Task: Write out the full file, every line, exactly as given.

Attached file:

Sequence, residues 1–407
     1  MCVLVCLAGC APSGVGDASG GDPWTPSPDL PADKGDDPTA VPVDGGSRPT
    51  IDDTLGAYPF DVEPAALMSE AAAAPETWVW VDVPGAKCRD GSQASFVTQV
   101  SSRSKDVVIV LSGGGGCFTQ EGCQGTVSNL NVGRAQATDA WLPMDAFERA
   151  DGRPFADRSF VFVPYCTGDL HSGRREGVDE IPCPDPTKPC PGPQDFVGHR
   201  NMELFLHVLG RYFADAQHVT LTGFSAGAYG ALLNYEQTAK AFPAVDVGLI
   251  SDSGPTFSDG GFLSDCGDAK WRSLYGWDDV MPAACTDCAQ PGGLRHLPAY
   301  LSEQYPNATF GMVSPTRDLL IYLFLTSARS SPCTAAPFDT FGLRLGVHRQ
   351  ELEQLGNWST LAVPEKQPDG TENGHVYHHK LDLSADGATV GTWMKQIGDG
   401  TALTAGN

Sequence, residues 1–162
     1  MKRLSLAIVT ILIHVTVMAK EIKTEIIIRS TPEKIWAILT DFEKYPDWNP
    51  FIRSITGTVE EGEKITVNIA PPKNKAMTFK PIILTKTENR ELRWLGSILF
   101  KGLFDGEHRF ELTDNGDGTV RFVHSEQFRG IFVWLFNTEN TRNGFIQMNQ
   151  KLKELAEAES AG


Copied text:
Sequence, residues 1–407
     1  MCVLVCLAGC APSGVGDASG GDPWTPSPDL PADKGDDPTA VPVDGGSRPT
    51  IDDTLGAYPF DVEPAALMSE AAAAPETWVW VDVPGAKCRD GSQASFVTQV
   101  SSRSKDVVIV LSGGGGCFTQ EGCQGTVSNL NVGRAQATDA WLPMDAFERA
   151  DGRPFADRSF VFVPYCTGDL HSGRREGVDE IPCPDPTKPC PGPQDFVGHR
   201  NMELFLHVLG RYFADAQHVT LTGFSAGAYG ALLNYEQTAK AFPAVDVGLI
   251  SDSGPTFSDG GFLSDCGDAK WRSLYGWDDV MPAACTDCAQ PGGLRHLPAY
   301  LSEQYPNATF GMVSPTRDLL IYLFLTSARS SPCTAAPFDT FGLRLGVHRQ
   351  ELEQLGNWST LAVPEKQPDG TENGHVYHHK LDLSADGATV GTWMKQIGDG
   401  TALTAGN

Sequence, residues 1–162
     1  MKRLSLAIVT ILIHVTVMAK EIKTEIIIRS TPEKIWAILT DFEKYPDWNP
    51  FIRSITGTVE EGEKITVNIA PPKNKAMTFK PIILTKTENR ELRWLGSILF
   101  KGLFDGEHRF ELTDNGDGTV RFVHSEQFRG IFVWLFNTEN TRNGFIQMNQ
   151  KLKELAEAES AG